STAFF at the Directorate of Dispute Prevention and Resolution (DDPR) began industrial action on Friday to protest the non-payment of their April salaries, amid revelations that only six out of 35 employees reported for duty.
A senior DDPR official who cannot be named for fear of reprisals, told the Sunday Express that “only six workers, including directors, a cleaner, an office assistant and the finance manager reported for work at the Maseru office on Friday”.
The work stoppage came after the workers wrote to management on Wednesday, giving them until Friday 12 April to pay their outstanding salaries, failing which, they would not report for duty.
Our sister publication, the Lesotho Times, revealed on Thursday that all DDPR staff members deployed nationwide had not received their salaries for April 2017 despite their pay day being the 25th of every month.
The DDPR is an arm of the Ministry of Labour and Employment whose mandate is to resolve trade disputes through arbitration.
It is also mandated to advise employees, employers and their organisations on the prevention of trade disputes.
The agency’s staff complement includes directors, conciliators and arbitrators who are all employed by government.
The DDPR is, however, expected to operate independently of government, political parties, trade unions and employers’ organisations.
In a letter dispatched on Wednesday and addressed to DDPR Director and Industrial Relations Council Secretary, ’Mabathoana Khotle, the disgruntled workers issued a two-day ultimatum for the payment of their salaries.
“We write this letter to humbly seek the intervention from your good office to address this matter with utmost agency because this situation is unbearable,” the workers stated.
“We would appreciate a response within two working days of receipt, failing which, we shall have no alternative but not to report for duty.”
The letter was also copied to Labour and Employment Minister, Thulo Mahlakeng, Finance Minister Tlohang Sekhamane and their respective principal secretaries.
This publication learnt that on Friday Mr Khotle wrote back to the workers and informed them that the delay in paying them salaries was due to the fact that DDPR management “had not yet received any funds from the government for the financial year 2017/2018”.
“On Wednesday 10 May 2017 we received your undated letter in regard to the above captioned matter (of salaries). The letter demanded a response within two working days of receiving it, hence this message,” Mr Khotle wrote to the workers.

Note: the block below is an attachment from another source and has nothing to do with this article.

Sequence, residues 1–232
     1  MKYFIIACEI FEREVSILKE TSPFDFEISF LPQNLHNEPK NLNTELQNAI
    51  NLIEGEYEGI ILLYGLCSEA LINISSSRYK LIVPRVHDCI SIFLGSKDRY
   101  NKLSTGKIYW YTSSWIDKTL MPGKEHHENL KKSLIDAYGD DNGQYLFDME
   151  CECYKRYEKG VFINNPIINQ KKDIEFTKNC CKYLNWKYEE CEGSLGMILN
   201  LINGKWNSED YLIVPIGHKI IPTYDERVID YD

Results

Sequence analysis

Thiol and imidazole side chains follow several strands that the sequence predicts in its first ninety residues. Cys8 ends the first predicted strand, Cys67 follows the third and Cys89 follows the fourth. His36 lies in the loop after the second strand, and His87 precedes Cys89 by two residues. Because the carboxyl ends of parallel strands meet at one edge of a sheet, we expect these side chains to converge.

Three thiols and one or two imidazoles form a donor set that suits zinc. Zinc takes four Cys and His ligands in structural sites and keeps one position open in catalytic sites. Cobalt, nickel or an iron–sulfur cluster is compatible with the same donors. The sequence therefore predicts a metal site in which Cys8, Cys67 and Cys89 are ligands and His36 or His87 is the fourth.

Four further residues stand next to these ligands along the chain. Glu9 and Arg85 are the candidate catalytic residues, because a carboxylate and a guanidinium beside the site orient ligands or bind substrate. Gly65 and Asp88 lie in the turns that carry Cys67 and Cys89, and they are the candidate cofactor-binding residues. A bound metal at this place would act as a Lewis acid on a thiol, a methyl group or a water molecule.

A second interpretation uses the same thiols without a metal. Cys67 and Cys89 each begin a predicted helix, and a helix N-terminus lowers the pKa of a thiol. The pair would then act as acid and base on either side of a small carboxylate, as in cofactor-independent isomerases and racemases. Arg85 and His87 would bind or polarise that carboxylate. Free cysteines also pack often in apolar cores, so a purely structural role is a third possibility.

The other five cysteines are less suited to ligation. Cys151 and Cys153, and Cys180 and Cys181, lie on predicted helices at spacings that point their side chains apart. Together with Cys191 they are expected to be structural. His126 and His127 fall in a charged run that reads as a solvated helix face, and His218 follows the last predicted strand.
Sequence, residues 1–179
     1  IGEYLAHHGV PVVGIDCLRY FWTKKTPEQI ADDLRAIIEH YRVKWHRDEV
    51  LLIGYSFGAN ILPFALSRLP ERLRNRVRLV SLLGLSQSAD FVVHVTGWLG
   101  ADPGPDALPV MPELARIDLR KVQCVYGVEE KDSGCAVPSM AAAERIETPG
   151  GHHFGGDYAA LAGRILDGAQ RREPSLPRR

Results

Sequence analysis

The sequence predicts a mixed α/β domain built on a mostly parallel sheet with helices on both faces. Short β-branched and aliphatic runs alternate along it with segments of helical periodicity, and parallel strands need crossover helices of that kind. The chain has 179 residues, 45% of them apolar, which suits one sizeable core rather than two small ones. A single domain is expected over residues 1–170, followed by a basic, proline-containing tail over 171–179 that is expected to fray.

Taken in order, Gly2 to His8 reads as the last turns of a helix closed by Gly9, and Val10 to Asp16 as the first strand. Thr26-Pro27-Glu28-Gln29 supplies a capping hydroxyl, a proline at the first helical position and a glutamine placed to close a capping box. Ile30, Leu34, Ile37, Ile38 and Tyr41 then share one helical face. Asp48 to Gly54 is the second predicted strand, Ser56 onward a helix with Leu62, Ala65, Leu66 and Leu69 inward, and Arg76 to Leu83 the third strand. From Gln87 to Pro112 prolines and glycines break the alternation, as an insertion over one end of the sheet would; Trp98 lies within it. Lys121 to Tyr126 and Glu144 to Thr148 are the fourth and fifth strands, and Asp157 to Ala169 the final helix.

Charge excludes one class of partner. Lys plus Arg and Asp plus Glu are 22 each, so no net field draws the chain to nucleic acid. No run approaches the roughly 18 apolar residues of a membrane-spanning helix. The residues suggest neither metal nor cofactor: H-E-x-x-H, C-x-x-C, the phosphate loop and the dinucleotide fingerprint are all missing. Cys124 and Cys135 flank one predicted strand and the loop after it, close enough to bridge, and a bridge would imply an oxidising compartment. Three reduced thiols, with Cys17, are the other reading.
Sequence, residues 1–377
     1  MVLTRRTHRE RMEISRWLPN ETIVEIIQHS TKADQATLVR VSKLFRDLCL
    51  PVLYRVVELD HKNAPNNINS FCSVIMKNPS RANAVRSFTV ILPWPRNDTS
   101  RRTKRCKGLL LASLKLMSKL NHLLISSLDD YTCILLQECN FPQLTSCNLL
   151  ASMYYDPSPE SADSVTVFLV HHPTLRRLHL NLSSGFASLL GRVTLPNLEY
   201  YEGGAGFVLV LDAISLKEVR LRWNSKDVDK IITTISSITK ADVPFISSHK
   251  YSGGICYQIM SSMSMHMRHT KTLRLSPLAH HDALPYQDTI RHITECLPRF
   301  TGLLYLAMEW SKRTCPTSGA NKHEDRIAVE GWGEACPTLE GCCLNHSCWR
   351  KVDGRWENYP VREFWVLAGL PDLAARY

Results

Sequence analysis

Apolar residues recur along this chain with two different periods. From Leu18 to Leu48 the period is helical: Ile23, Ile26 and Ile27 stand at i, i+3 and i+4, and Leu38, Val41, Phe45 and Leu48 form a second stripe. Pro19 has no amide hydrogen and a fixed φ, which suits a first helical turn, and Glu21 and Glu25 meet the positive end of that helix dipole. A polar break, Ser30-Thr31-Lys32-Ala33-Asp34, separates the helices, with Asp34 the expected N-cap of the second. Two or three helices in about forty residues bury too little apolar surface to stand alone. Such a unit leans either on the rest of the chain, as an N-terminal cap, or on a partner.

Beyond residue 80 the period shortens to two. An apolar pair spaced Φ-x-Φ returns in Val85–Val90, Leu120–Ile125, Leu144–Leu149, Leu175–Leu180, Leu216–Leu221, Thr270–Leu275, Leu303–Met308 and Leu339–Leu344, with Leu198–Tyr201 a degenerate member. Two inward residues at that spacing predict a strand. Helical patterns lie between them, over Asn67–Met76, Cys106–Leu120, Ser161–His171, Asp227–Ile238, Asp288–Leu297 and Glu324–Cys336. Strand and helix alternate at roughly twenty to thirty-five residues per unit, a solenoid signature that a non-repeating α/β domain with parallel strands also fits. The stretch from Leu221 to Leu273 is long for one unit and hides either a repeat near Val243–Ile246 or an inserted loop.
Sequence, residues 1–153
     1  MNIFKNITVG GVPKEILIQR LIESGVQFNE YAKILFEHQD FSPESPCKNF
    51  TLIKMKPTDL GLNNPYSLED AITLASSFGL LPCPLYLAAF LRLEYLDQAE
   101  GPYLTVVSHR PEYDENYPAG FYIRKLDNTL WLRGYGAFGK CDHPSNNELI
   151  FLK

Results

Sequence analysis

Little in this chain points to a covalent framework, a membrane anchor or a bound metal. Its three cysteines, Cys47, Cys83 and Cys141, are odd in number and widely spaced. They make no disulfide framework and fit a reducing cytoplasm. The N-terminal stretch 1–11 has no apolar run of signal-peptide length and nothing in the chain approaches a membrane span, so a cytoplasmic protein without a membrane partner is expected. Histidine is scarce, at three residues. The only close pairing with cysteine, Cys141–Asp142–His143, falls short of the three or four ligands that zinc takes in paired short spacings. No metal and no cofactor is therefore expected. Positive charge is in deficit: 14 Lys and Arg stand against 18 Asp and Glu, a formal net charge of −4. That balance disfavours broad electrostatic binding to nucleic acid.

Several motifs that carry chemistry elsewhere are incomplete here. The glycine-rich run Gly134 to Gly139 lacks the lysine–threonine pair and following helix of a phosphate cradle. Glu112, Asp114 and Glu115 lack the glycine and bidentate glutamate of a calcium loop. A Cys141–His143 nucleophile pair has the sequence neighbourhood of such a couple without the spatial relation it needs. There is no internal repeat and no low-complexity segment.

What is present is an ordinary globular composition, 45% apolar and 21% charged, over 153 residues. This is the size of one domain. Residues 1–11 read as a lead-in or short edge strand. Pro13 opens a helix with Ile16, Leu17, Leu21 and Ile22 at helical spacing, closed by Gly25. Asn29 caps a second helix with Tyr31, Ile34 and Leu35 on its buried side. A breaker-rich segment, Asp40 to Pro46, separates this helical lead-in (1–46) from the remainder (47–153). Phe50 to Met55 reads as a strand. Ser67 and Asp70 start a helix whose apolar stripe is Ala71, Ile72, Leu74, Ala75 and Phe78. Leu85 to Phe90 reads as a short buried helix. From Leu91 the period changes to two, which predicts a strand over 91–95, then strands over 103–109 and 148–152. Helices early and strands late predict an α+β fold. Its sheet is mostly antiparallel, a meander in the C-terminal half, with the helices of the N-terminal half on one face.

“Your letter acknowledged the receipt of our memo dated 24 April 2017 which notified you that due to the delay in processing salaries for the month of April 2017, staff would not receive salaries in time.”
He said the delay was caused by the fact that the management had not yet received any funds from the government for the financial year 2017/2018.
“As soon as funds are made available to management, your salaries for April will be processed immediately. We repeat that we are very sorry for the inconvenience caused by the delay.”
This however, did not prevent the industrial action and one of the employees who spoke to the Sunday Express on condition of anonymity on Friday insisted they would not return to work “until our salaries have been deposited into our bank accounts”.
Several workers who spoke to this reporter from their homes said management’s response was not satisfactory and they would meet to draft a response “to inform the management that we will not report to work until our salaries are reflected in our bank accounts”.
In their letter on Wednesday, the workers complained they had incurred costs as a result of the delay in receiving their salaries, adding the delays had become the norm at the agency.
“Our concern is whether the employer will pay the back the charges we suffered as a result of our stop orders that were not paid on time and many other incidental expenses incurred as a result of this failure to pay salaries as per the agreed date on our contracts of employment.
“We ask that the financial issue be addressed and that our salaries be paid as soon as practicable. Further that the institution should be seen to prioritise salaries in the next financial year 2017/2018 and not let this unfortunate event repeat itself.”
Repeated efforts to contact officials from the ministry were unsuccessful.
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